What Is The 14th Amendment

The 14th Amendment to the U.S. Constitution was ratified in 1868 and granted citizenship to all persons born or naturalized in the United States—including formerly enslaved people—and guaranteed all citizens “equal protection of the laws.”

The amendment has been used in many landmark cases, including Brown v. Board of Education (racial discrimination), Roe v. Wade (abortion), and Obergefell v. Hodges (same-sex marriage).

Here is a simplified summary of the 14th Amendment:
- Section 1: All persons born or naturalized in the United States are citizens of the United States and of the state where they reside. No state shall make or enforce any law which shall abridge the privileges or immunities of citizens of the United States; nor shall any state deprive any person of life, liberty, or property, without due process of law; nor deny to any person within its jurisdiction the equal protection of the laws.
- Section 2: Representatives shall be apportioned among the several states according to their respective numbers, counting the whole number of persons in each state, excluding Indians not taxed. But when the right to vote at any election for the choice of electors for President and Vice President of the United States, Representatives in Congress, the executive and judicial officers of a state, or the members of the legislature thereof, is denied to any of the male inhabitants of such state, being twenty-one years of age,* and citizens of the United States,* or in any way abridged,* except for participation in rebellion,* or other crime,* the basis of representation therein shall be reduced in the proportion which the number of such male citizens shall bear to the whole number of male citizens twenty-one years of age in such state.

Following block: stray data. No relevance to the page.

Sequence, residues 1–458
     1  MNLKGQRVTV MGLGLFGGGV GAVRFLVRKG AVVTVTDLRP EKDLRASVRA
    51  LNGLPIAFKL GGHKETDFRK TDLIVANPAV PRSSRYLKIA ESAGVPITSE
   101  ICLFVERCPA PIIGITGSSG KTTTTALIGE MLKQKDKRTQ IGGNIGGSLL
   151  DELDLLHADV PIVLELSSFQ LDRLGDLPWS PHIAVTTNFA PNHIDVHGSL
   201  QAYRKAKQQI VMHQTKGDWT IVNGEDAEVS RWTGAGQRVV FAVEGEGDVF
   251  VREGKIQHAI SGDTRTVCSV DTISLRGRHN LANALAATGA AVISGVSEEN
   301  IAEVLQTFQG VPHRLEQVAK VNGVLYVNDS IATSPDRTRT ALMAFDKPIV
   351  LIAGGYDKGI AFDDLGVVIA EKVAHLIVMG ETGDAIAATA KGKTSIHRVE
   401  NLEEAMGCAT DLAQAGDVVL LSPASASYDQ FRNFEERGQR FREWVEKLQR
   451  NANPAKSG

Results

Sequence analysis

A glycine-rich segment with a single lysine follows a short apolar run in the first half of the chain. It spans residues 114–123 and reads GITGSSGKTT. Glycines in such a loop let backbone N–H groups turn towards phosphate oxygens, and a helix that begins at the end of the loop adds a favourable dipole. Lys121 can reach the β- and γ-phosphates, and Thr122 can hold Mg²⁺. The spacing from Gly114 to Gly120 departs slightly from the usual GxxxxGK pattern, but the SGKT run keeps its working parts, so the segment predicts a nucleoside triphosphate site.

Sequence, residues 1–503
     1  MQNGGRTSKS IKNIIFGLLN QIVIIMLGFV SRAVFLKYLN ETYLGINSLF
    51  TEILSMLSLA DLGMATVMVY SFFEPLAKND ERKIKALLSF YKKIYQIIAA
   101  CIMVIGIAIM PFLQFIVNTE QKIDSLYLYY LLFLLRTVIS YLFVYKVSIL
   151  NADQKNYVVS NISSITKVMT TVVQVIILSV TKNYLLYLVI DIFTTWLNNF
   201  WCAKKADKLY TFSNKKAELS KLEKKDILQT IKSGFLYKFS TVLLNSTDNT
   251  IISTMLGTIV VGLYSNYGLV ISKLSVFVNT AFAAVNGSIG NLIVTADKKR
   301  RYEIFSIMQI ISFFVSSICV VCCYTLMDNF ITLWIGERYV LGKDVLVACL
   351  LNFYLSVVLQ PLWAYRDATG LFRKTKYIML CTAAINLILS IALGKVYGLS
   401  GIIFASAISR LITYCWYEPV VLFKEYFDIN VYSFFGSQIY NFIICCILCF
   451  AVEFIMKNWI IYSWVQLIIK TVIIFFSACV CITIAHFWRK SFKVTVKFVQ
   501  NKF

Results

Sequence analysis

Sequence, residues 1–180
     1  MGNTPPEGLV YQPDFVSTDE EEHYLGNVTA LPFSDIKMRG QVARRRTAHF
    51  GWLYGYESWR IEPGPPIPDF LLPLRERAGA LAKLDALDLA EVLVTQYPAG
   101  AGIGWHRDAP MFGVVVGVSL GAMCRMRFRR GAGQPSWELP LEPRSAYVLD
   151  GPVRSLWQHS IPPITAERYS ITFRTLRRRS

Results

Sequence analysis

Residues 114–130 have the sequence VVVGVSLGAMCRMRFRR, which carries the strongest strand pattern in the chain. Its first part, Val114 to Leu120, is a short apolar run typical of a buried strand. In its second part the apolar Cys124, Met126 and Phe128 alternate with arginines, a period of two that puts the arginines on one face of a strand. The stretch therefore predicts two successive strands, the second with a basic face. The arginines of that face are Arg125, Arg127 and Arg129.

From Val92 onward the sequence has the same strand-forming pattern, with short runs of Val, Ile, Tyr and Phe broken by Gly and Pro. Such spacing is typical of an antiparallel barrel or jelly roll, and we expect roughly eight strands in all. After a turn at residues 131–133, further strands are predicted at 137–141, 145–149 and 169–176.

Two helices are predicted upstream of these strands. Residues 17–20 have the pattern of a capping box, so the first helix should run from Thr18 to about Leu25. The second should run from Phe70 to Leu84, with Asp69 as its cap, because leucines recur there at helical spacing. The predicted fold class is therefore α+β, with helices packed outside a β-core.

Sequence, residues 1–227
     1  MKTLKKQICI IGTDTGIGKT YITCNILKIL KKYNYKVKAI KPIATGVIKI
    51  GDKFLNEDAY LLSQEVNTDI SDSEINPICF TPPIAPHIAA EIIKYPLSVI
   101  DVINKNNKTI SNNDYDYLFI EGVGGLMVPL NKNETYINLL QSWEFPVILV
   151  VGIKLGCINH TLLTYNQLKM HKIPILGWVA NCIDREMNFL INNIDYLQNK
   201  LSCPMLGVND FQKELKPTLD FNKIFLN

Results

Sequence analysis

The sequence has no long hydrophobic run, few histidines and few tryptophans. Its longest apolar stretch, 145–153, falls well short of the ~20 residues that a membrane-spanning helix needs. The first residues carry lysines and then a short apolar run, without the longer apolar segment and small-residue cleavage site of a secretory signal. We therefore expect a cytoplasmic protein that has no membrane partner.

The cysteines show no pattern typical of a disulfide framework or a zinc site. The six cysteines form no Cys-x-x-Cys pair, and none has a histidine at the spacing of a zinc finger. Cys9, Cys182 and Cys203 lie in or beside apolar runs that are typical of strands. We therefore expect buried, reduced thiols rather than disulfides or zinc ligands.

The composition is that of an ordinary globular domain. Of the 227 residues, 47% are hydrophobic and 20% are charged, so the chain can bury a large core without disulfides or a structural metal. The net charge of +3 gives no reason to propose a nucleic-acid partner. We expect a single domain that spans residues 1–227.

- Section 3: No person shall be a Senator or Representative in Congress, or elector of President and Vice President, or hold any office, civil or military, under the United States, or under any state, who, having previously taken an oath as a member of Congress, or as an officer of the United States, or as a member of any state legislature, or as an executive or judicial officer of any state, to support the Constitution of the United States, shall have engaged in insurrection or rebellion against the same, or given aid or comfort to the enemies thereof. But Congress may by a vote of two-thirds of each House remove such disability.
- Section 4: The validity of public debt incurred by authorized law shall not be questioned. But neither the United States nor any state shall assume or pay any debt or obligation incurred in aid of insurrection or rebellion against the United States, or any claim for the loss or emancipation of any slave; but all such debts, obligations and claims shall be held illegal and void.
- Section 5: The Congress shall have power to enforce by appropriate legislation, the provisions of this article.

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